There are few fence sitters when it comes to Islay’s single malt whiskies. You either absolutely hate them (“cough mixture!”, you cry, “antiseptic — gross!”). Or you think — like me — that their typically peaty, salty and smoky qualities are sublime.
Last year I spent a fortnight on Jura — an even remoter neighbouring island. I knew that if I didn’t visit at least a few of Islay’s nine distilleries before returning home, I would forever kick myself. And, come on, even its name has something magical about it — the two syllables shimmering with a desolate, wave-lashed beauty.
And so, after the 15-minute ferry crossing, I wait at Port Askaig, which sounds big and grand but is scarcely more than a couple of jetties and a parking lot. The minutes pass and there is no sign of the taxi driver I had arranged to take me around for a few hours. My phone’s single bar of signal disappears.
I venture inside the newsagent-cum-post office and ask the lady behind the till if she could call the taxi driver. On an island home to roughly 3,500 people, they might be related. When she gets through to him, he says he mixed up his diary and promises to collect me shortly. Sure enough, 15 minutes later he arrives full of apologies.
It takes only 10 or so minutes through nondescript countryside to get to Islay’s tiny capital, Bowmore, home to the eponymous distillery — the oldest one on the island.
The tasting bar is deserted save for a bar lady who offers me a complimentary dram of the 12-year-old, an easygoing old favourite of mine — not overly peated but still oozing citrusy character. While perfectly polite, bar-lady is more interested in setting the table for a formal tasting for people soon to finish a distillery tour than in telling me about Bowmore’s range or its venerable history. And why should she, when there’s a 15-minute film to do it?
As the video explains the whisky production process — a miraculous alchemy involving just barley, yeast and water — I find myself drawn to the greys and blues beyond the window. Hills ripple above the mirror-still Loch Indaal, a scattering of cottages on their treeless slopes.
After my dram is done we leave the village, passing Kilarrow Church on its outskirts. Completed in 1769, a decade before Bowmore Distillery opened, the building is entirely round — apparently so that congregants could never get caught out by the devil lurking in a corner. We drive past the island’s Lego-sized airport and its recently refurbished golf course, which will be opening a brand-new hotel later this year.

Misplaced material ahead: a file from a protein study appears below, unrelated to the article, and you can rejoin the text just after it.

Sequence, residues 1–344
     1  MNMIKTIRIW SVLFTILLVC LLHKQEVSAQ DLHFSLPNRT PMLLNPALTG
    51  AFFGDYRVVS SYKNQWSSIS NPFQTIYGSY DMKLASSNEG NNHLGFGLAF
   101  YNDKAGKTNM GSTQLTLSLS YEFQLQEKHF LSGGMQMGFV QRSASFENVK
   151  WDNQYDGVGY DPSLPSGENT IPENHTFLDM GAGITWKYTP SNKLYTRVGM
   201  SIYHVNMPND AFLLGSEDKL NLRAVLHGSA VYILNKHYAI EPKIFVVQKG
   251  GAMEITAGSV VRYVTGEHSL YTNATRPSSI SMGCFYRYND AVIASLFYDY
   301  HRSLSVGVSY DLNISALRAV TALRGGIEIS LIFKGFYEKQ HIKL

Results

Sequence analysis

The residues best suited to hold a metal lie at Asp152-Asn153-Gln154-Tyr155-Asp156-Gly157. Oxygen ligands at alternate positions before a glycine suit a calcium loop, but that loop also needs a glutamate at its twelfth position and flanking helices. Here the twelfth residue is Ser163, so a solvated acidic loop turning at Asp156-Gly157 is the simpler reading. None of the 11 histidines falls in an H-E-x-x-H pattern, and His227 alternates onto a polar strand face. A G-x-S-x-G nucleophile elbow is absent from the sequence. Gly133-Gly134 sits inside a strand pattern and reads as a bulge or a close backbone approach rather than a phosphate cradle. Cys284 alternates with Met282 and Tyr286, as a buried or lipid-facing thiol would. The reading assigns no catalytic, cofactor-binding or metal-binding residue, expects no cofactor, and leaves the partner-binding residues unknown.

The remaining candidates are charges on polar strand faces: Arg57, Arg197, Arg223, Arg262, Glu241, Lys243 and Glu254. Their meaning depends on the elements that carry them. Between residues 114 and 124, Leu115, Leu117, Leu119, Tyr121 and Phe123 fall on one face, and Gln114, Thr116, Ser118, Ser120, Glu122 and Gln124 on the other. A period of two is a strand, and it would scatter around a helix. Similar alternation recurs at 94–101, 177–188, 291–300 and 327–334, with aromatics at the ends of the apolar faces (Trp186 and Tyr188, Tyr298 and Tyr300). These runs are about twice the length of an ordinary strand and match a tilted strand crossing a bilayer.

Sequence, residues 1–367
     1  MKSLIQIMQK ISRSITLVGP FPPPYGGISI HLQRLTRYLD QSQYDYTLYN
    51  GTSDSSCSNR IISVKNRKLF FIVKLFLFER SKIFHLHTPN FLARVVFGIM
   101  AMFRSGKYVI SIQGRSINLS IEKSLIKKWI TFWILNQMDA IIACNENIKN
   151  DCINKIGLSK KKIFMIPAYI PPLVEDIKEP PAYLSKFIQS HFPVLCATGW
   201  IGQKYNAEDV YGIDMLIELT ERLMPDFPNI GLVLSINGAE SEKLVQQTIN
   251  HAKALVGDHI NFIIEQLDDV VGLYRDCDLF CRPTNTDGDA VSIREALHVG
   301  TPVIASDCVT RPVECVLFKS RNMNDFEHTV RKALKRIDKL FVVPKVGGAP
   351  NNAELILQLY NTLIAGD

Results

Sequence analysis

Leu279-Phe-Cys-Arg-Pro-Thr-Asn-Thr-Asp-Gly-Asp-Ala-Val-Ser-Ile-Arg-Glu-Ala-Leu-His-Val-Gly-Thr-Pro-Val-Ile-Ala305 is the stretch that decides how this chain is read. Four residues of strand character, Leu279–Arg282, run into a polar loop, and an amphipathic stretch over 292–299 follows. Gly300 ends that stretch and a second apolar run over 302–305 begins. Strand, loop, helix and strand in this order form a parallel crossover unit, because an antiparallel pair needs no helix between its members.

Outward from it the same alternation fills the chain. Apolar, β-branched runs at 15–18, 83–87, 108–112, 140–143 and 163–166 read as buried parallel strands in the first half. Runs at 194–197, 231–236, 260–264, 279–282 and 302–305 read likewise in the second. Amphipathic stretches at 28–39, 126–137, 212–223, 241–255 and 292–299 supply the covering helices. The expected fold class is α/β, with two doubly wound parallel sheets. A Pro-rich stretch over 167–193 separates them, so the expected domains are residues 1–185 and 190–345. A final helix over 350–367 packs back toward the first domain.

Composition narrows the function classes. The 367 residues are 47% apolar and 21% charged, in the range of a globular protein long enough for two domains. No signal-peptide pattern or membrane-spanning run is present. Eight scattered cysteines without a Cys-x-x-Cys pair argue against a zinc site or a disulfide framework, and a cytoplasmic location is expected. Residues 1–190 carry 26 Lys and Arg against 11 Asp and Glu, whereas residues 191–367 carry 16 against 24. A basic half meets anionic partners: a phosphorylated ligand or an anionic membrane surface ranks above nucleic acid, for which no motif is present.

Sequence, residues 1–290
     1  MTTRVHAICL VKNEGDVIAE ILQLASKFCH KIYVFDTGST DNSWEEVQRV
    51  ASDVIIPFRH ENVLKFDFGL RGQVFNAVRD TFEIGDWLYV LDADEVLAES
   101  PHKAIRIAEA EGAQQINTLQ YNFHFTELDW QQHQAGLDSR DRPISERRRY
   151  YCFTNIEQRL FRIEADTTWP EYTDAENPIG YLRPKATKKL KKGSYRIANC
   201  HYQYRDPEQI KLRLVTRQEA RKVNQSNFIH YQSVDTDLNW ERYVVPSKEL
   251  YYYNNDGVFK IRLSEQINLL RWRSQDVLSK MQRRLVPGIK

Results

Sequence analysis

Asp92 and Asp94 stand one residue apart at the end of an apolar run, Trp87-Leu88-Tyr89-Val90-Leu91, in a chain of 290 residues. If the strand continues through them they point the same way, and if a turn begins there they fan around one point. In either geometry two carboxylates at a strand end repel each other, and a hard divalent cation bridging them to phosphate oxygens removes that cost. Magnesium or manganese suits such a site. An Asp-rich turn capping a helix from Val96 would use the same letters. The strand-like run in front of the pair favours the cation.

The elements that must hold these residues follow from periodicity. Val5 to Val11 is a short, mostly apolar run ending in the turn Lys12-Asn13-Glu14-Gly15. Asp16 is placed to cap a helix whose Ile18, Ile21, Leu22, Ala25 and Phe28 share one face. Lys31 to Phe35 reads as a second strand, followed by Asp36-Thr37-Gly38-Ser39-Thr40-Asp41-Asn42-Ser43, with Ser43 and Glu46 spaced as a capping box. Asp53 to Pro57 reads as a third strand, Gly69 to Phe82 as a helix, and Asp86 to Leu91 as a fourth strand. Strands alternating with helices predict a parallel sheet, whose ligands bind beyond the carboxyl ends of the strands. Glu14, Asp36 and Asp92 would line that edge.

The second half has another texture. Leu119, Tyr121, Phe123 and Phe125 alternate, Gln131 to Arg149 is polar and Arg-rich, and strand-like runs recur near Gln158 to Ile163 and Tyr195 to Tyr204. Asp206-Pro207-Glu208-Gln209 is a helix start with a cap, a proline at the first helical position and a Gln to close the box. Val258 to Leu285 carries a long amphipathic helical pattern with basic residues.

As rain spatters against the windscreen, I gaze out at the bogs stretched out on either side of the road. Not far from here, slabs of peat (decomposed vegetation) are carved out by hand. It is used by the distilleries as fuel in fires to dry out the malt.
Malt is barley placed in water to encourage germination, which releases the sugars that, combined with yeast, become alcohol. Smoke from the peat fire permeates the malt as it dries and gives Islay whiskies their characteristic taste.
Some whiskies are peatier than others — typically it depends how long a peat fire was used. One of the peatiest of them all can be found at our next stop, Laphroaig. I have a soft spot for the 10-year-old, which was my first taste of Islay whisky and the one that made me want to try all the others.
The distillery is perched prettily at the sea’s edge. I head inside, passing through the shop (which, like Bowmore, has a twee selection of tartan-emblazoned goodies) and head to the bar where there’s no free dram on offer.
I pore over the menu, looking for something I’ve never had before. I quickly flick past the cocktails page. What a travesty! Single malts are interesting enough on their own — why mess them up with mixers and slices of lime? Eventually I ask the bar lady for advice: would I like something sweeter or something smokier? When I say I’d like the latter, she suggests a cask strength 10-year-old that has been decanted directly from the bourbon cask in which it spent a decade maturing.
Conventional whiskies like the standard 10-year-old are diluted to get an ABV (alcohol by volume) of 40 or, in some cases, 43%. At 55.7% ABV, the cask strength is a lingering blaze of warming fire and smoke which costs me a cool £12.50 (about R220 for 25ml).